India aims to triple exports to $1 trillion in next five years
India wants to more than triple its annual exports to $1 trillion in the next five years, an exacting target given slowing global growth and escalating trade tensions.
Achieving that export goal is key to making India a $5 trillion economy, Commerce Minister Piyush Goyal said in New Delhi on Thursday. The South Asian nation’s exports totaled $330 billion in the year ended March, in comparison to China’s $2.6 trillion in 2018.
The daunting nature of the target becomes clear when you review India’s trade performance in the previous five years -- it managed to grow its exports by a meager $16 billion during that period.
“Hitting $1 trillion will be very difficult unless India finds some large oil fields,” said Rahul Bajoria, a senior economist with Barclays Bank in Singapore. “If you include both goods and services it can be done but you need to be gaining market share.”
Goyal didn’t specify whether he was talking only about goods exports. India’s overall exports, including services, were at $535 billion last year.
India, along with a number of economies in South and Southeast Asia, is looking to benefit from opportunities created by the US -China trade war that’s forced businesses to look for newer markets unaffected by tariffs. The gains aren’t guaranteed though: Vietnam, which is seen as a big winner from the trade tensions, saw orders for textile -- one of its biggest exports -- drop 30% from a year ago in the first half of 2019.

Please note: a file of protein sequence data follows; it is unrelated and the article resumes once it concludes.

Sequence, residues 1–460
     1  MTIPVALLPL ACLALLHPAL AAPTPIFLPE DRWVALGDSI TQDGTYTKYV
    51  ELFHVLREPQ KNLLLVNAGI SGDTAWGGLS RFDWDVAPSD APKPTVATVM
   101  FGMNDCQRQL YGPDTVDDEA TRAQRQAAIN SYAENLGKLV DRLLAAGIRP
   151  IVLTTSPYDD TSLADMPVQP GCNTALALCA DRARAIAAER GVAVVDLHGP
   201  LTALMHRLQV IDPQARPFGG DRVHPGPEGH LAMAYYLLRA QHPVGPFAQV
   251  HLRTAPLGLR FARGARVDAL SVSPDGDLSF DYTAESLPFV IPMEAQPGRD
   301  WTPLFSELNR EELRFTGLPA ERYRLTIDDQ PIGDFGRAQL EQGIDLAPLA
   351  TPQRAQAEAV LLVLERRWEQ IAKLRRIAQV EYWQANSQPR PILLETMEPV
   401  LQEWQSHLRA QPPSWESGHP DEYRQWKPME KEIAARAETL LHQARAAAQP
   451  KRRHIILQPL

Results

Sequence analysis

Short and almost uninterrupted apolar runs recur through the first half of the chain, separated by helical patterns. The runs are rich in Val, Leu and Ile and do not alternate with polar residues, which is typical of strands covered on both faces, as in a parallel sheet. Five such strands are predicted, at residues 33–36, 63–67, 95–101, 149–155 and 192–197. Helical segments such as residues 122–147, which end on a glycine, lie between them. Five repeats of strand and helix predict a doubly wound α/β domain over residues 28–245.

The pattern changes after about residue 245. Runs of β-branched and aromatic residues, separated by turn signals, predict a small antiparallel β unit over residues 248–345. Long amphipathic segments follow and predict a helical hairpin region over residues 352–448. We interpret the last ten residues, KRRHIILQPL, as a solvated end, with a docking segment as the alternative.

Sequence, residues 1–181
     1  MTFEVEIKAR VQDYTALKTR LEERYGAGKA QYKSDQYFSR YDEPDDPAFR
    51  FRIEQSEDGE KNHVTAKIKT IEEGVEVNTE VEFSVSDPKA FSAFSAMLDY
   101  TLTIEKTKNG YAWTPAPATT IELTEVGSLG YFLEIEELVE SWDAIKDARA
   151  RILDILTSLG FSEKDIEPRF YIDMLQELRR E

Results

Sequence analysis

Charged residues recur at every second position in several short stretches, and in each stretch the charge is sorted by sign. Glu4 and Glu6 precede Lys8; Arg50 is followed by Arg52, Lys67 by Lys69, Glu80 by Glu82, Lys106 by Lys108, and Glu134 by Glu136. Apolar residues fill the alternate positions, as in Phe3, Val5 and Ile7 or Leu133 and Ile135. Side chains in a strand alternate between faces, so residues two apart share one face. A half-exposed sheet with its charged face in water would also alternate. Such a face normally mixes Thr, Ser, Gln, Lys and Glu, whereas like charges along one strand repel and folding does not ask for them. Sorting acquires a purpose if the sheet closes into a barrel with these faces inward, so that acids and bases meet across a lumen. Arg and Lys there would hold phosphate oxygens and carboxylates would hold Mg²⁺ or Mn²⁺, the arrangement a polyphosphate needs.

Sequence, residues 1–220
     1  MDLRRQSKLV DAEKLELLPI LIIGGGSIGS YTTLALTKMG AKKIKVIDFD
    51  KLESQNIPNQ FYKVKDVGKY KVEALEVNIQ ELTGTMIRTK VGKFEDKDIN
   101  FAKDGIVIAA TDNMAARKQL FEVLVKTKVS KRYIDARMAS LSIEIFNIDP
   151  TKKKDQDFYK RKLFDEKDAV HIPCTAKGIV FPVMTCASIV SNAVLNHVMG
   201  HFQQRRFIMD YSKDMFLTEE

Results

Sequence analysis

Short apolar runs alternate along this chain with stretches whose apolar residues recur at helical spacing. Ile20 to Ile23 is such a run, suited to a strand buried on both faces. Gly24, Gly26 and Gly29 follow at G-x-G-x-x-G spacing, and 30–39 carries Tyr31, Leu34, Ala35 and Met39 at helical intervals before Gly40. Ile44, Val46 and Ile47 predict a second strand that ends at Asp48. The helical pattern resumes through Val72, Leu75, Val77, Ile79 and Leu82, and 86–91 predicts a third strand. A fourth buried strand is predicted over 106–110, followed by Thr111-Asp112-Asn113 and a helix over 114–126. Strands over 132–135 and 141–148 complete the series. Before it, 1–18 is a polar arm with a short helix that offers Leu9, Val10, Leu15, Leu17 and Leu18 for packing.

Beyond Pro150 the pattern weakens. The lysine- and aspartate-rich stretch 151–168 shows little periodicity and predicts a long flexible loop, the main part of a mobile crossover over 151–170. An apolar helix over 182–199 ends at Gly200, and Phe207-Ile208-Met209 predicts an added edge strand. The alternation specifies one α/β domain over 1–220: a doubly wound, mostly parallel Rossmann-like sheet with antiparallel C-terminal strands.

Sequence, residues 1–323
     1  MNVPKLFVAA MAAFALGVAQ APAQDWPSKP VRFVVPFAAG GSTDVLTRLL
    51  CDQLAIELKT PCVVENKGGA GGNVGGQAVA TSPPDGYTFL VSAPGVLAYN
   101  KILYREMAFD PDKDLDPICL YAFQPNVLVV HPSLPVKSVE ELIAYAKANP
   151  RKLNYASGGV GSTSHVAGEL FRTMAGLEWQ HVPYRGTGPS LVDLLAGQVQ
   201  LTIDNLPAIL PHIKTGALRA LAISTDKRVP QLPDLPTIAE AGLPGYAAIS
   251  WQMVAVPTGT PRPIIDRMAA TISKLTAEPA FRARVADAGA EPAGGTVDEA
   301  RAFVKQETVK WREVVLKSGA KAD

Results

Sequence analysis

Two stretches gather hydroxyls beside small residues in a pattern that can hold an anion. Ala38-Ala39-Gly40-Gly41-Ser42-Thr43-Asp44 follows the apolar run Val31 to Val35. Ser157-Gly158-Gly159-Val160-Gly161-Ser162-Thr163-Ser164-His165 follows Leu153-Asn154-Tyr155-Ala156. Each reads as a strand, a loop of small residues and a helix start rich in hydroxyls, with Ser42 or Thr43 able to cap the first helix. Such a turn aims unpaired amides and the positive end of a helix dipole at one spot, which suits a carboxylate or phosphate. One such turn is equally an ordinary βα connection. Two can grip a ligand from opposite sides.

Prime Minister Narendra Modi, who returned to office for a second term in May, has pledged to grow India to a $5-trillion economy by 2024, from $2.7 trillion now. While that goal requires an annual economic expansion of 9%-10%, data for last quarter showed gross domestic product growth slowed to a six-year low of 5% amid waning domestic consumption.
“Don’t go into the calculation that you see on television,” Goyal said, referring to estimates that show India needs to grow at 12% to become a $5 trillion economy. “Today it is growing at 6%-7%. Don’t get into those maths.”
(This story has been published from a wire agency feed without modifications to the text. Only the headline has been changed.)